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Taking high doses of folic acid during pregnancy may increase the risk of obesity and type 2 diabetes occurring as the babies grow up.

The study, which was carried out in rats, showed that giving the rats 20 times the amount of folic acid that would usually be recommended resulted in the baby rats growing up to become overweight and develop insulin resistance and type 2 diabetes.

The study also showed that the baby rats that resulted from the pregnancies with a high folic acid dose had low levels of the hormone adiponectin. Deficiency in adiponectin is associated with increased risks of obesity, type 2 diabetes, non-alcoholic fatty liver disease and heart disease.

Folic acid and birth defects

Folic acid is frequently prescribed to women who are pregnant or planning to become pregnant, to decrease the risk of neural tube defects. The recommendation from the American Diabetes Association is that 0.4 mg of folic acid should be taken if there is a chance that women with diabetes may become pregnant and that should be increased to 0.6 mg of folic acid if pregnancy is being specifically planned.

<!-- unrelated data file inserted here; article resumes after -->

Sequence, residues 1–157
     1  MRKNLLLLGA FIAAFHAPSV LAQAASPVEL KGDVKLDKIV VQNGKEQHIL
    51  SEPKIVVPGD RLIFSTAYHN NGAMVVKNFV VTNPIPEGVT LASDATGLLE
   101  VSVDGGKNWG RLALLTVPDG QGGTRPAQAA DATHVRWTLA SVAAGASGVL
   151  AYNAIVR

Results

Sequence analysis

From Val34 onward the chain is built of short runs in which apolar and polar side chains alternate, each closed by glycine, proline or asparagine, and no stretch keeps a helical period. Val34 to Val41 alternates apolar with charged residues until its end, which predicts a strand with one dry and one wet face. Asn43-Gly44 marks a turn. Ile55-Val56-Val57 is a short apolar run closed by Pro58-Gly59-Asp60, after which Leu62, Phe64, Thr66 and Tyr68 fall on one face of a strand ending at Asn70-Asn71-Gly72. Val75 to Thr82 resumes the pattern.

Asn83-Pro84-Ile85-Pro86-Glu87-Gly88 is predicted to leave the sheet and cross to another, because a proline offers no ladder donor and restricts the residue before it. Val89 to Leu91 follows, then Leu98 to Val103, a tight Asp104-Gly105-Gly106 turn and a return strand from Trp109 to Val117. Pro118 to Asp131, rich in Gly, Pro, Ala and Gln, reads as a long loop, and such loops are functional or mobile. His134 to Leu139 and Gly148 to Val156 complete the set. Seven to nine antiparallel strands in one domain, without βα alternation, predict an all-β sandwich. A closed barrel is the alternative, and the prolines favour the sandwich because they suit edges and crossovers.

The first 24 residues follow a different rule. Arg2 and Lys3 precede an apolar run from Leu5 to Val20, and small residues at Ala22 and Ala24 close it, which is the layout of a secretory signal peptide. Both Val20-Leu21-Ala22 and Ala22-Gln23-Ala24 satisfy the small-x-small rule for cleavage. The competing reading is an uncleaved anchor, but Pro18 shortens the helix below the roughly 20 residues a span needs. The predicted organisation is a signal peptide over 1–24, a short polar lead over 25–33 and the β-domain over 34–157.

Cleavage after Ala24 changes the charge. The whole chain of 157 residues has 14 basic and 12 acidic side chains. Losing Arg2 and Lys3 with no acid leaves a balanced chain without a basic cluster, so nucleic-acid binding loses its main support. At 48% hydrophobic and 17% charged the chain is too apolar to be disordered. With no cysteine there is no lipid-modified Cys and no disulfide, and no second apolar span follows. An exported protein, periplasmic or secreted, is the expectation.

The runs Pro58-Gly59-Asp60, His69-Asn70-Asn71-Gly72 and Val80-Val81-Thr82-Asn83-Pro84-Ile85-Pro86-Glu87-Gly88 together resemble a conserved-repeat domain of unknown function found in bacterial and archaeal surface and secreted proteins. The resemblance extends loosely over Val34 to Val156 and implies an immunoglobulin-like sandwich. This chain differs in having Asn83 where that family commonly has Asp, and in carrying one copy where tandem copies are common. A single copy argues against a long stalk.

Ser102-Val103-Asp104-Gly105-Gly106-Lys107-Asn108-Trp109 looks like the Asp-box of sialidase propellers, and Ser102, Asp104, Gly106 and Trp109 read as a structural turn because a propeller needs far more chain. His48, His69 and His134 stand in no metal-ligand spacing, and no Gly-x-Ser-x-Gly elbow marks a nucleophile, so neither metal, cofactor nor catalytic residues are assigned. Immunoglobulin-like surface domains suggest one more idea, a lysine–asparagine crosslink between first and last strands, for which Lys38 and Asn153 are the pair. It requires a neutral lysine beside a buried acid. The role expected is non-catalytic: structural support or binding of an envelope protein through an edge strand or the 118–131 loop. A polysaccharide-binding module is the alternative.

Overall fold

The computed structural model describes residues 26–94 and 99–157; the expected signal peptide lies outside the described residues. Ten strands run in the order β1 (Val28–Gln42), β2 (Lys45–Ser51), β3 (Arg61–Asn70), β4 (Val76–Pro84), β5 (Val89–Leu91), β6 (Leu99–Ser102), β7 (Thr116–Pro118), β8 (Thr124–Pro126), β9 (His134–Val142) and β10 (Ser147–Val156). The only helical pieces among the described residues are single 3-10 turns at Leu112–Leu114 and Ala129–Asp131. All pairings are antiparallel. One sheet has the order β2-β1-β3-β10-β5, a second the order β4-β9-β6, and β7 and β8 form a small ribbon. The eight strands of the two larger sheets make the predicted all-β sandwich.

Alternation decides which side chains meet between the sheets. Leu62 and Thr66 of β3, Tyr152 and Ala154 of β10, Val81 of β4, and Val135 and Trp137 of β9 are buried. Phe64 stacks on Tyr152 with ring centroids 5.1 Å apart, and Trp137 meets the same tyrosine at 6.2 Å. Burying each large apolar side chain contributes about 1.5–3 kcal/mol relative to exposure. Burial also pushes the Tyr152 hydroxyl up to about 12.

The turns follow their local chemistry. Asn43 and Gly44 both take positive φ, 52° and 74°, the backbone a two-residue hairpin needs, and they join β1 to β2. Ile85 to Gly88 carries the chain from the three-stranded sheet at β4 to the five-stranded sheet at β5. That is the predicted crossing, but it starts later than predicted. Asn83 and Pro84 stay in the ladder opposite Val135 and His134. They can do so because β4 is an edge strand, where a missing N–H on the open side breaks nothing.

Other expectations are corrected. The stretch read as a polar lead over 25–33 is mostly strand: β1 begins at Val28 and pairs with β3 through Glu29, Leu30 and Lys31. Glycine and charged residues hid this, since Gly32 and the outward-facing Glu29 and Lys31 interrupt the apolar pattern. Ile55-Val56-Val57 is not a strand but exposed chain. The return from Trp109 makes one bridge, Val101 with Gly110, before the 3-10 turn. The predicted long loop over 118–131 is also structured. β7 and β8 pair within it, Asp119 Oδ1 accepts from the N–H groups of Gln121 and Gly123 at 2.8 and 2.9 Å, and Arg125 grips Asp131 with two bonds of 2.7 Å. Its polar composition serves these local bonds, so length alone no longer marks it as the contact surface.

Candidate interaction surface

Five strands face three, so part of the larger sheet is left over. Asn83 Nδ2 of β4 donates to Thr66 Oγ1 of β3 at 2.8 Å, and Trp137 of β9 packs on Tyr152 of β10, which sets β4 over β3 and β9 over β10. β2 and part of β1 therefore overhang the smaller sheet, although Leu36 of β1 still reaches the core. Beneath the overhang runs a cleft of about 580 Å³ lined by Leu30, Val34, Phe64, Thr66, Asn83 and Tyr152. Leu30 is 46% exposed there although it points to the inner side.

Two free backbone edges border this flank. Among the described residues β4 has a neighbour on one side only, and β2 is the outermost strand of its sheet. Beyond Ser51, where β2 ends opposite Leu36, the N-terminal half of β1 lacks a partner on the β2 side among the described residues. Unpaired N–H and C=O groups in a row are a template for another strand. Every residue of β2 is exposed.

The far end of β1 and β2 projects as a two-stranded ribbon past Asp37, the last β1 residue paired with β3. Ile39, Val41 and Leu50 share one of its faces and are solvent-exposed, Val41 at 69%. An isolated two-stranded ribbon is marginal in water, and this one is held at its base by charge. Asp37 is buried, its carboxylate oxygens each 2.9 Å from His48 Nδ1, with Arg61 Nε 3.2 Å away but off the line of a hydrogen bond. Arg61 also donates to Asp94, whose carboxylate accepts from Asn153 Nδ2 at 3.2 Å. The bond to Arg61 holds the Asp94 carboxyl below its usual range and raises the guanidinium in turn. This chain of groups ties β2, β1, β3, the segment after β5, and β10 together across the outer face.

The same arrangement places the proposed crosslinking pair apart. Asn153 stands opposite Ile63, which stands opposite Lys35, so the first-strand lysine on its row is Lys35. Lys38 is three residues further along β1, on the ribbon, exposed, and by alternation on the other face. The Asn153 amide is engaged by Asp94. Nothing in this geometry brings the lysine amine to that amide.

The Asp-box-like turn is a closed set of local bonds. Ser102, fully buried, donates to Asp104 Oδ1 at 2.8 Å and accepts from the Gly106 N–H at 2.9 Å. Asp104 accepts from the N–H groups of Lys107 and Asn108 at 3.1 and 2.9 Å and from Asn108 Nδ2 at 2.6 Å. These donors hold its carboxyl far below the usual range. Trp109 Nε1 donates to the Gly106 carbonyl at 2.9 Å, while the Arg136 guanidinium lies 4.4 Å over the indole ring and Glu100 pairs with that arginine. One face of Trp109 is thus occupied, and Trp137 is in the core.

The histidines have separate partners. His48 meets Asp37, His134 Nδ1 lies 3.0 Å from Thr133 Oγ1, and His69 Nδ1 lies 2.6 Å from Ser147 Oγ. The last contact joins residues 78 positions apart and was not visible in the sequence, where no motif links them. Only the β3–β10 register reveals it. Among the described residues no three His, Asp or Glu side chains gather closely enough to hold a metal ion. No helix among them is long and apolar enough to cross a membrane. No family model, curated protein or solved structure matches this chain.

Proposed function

It is not uncommon, however, for women to take higher doses of 4 mg of folic acid in an attempt to avoid neural tube defects occurring. Neural tube defects are problems that can affect the brain, spine or spinal cord. Spina bifida and anencephaly are the two most common forms of neural tube defects.

Interpreting the findings

The study suggests that while folic acid is important in reducing the risk of neural tube defects, that consuming too much folic acid could present its own problems.

Lead researcher, Professor Elisa Keating, of the University of Porto, Portugal, states: “Considering the increasing amount of folic acid consumed during pregnancy through fortified foods, multivitamin pills and supplements, the search for a safe upper dose of folic acid is urgently needed”.

The study is published in the Journal of Endocrinology.